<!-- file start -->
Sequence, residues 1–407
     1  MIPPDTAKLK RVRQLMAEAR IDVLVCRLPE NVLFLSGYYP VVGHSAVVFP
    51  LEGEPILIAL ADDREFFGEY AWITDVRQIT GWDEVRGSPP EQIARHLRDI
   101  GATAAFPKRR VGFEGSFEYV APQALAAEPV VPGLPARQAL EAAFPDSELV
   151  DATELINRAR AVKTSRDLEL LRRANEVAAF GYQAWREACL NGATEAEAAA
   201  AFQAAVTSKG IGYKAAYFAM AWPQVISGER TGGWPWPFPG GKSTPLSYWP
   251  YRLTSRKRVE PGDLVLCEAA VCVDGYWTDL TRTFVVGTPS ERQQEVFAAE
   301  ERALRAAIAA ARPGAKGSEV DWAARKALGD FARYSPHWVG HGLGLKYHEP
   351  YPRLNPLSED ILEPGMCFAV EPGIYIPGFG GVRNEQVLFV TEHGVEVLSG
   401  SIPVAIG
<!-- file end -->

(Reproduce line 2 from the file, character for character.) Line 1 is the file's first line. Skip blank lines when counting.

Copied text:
     1  MIPPDTAKLK RVRQLMAEAR IDVLVCRLPE NVLFLSGYYP VVGHSAVVFP